Ben Roback is a Senior Account Executive at Cicero Group and a member of the US Embassy’s Young Leader’s UK programme.
Nothing symbolises modern-day Washington DC quite like sharing plates in a dimly lit restaurant serving 417 locally-sourced craft ales, or an impending government shutdown owing to another self-enforced budget crisis. Congress is rapidly closing in on a deadline to keep the Government going, hoping to avoid the events of October 2013 when the Government shut down for 15 days. The current fiscal year began on October 1st 2016, but funding under the current continuing resolution ends on April 28th – in just seven weeks.
In his joint speech to Congress, delivered last week in an uncharacteristically assured and optimistic manner that some analysts were shocked to describe as “presidential”, Donald Trump gave only some small hints around what his Budget will entail.
Winners and losers
Defence and military spending look set to be the big winners emerging from Trump’s proposals. Having campaigned consistently on the need to strengthen the US military, the White House will seek an additional $54 billion for defence spending in fiscal year 2018, a near ten per cent increase that will take departmental spending to over $600 billion. In a meeting with the majority of state governors at the White House, Trump described his plan as a “public safety budget” that will focus on law and order. Its political philosophy appears rooted in the ‘America First’ approach that runs through the veins of this White House. It’s simple, according to Mick Mulvaney, the Office of Management and Budget Director: “We are taking his words and turning them into policies and dollars. We will be spending less overseas and more back home”.
The biggest losers set to suffer from the Trump plan will be the departments on whose backs the huge uptick in military spending will be funded. Were Congress to adopt Trump’s spending agenda from the sparse information we have, it would equate to an across the board ten per cent cut in all discretionary spending programs outside of national security. The State Department and Environmental Protection Agency (EPA) look most vulnerable.
A dismantling of the former comes as something of a surprise, though State is responsible for large amounts of foreign aid spending, which will without fail find itself on the Trump chopping board. Rex Tillerson was drafted in as Secretary of State from his high-profile business role running ExxonMobil, but since then has reportedly been reduced to a secondary role outside the President’s closer circle of trusted advisers.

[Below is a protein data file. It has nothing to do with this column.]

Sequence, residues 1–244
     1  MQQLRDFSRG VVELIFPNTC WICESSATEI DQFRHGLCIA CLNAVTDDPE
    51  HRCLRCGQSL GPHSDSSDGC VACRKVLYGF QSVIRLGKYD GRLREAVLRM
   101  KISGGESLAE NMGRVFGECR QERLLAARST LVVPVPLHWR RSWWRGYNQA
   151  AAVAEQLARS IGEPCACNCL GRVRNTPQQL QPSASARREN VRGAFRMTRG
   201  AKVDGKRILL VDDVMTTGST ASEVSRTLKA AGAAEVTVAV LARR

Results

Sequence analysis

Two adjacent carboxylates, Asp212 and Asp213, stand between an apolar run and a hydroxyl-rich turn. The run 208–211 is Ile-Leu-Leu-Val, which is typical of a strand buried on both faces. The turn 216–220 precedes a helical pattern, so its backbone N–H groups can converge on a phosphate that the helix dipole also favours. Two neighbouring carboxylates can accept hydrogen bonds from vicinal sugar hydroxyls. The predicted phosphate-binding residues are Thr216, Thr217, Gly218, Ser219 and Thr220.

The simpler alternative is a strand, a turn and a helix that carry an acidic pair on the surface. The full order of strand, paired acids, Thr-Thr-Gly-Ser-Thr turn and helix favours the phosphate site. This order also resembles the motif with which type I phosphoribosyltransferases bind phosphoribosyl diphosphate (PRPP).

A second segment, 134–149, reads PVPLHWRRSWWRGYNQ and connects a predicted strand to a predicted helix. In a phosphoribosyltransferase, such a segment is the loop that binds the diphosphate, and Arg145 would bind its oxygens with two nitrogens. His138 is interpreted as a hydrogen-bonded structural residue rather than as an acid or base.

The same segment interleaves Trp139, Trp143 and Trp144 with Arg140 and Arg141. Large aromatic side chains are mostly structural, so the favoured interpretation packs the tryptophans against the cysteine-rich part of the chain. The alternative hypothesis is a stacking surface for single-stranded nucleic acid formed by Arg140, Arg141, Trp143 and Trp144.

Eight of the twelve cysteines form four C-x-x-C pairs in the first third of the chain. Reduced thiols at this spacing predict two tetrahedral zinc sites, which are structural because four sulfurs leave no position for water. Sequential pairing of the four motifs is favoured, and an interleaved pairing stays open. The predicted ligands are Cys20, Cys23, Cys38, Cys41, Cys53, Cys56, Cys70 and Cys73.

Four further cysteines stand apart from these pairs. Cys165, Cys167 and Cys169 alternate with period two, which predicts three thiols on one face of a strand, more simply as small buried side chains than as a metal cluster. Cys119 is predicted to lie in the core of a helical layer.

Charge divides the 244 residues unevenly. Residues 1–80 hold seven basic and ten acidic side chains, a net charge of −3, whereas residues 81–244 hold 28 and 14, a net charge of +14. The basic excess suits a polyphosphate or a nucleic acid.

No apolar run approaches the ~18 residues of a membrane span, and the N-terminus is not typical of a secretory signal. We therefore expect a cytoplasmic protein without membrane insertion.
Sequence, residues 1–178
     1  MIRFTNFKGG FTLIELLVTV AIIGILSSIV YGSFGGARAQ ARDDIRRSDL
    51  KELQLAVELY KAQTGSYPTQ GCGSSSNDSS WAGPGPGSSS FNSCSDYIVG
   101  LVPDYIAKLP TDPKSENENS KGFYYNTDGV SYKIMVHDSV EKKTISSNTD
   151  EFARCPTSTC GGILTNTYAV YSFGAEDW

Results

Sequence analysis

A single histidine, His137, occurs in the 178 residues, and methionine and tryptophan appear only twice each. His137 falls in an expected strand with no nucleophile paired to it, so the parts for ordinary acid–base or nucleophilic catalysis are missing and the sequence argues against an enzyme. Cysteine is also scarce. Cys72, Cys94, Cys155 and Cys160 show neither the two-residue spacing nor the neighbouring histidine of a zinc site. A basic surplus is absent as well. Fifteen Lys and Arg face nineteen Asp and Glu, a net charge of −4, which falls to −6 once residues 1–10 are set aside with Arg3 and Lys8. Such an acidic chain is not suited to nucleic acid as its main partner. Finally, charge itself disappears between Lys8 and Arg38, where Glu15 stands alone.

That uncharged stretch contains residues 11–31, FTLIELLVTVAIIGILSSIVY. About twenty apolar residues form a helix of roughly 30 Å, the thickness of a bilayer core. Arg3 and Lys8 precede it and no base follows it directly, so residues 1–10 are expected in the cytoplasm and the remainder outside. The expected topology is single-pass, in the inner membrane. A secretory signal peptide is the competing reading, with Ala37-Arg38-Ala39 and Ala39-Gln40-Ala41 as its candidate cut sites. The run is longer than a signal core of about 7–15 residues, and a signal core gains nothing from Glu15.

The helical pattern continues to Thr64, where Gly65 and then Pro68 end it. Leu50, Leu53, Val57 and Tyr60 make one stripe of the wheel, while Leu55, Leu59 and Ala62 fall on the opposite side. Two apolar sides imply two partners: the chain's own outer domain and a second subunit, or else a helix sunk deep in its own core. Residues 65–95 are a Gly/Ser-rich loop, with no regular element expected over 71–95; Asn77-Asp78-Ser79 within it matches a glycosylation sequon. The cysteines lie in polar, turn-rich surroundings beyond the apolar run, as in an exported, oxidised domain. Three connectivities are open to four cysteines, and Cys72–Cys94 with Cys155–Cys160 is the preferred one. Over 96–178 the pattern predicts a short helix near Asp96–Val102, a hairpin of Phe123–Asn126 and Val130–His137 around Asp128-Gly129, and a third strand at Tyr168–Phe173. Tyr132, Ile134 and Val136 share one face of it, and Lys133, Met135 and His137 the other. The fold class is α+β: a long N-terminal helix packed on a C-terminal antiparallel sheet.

The EPA, on the contrary, seemed doomed the moment the election was called for a man who has flirted with climate change denial and at times resorted to anti-Chinese conspiracy theories. Although it may appear perverse to want a job in an agency you oppose diametrically, Scott Pruitt, the new EPA Administrator, sued the agency 13 times in his prior role as Oklahoma Attorney General. The Trump transition team previously said that the agency workforce could be shrunk by two thirds. Diverting funds away from the EPA will be deeply popular from the Trump grass roots all the way through the Freedom Caucus in Congress and up to the top of the agency itself. Steve Bannon, White House Chief Strategist, said recently that one of the key priorities of the White House was the “deconstruction of the administrative state”. The EPA looks like their natural starting point.
Navigating the congressional waters
The process for passing a budget and keeping the Government running is both complex and open to the political manoeuvring of a handful of lawmakers. The President’s budget is not written into law, but more of an opening offer in a long negotiation process established by the Congressional Budget Act of 1974. House and Senate budget committees set spending levels for the various government agencies via resolutions which are influenced but not dictated by the President’s proposals.
Owing to the intensely partisan nature of some of Trump’s major budgetary goals, Congressional approval will not come easily. Senate Majority Leader Mitch McConnell has already said Trump’s proposed budget cuts to State Department funding would “probably not” pass in the Senate. More widely, Republicans committed to reducing the deficit will be aghast at the cost of building the border wall and military pledges running into the billions. The Democrats will continue their strategy of near blanket opposition and in this case with just cause – to pass Congress the budget will need at least 60 votes in the Senate, meaning eight Democrats would need to vote for a plan that their base will rally against, or at least refuse to filibuster.
Trump’s plan is by no means final but it is indicative of the spending plans of this White House. Instead of taking to Twitter to vent at whomever is in his cross hairs every morning, the President should focus on writing a budget that Congress can pass.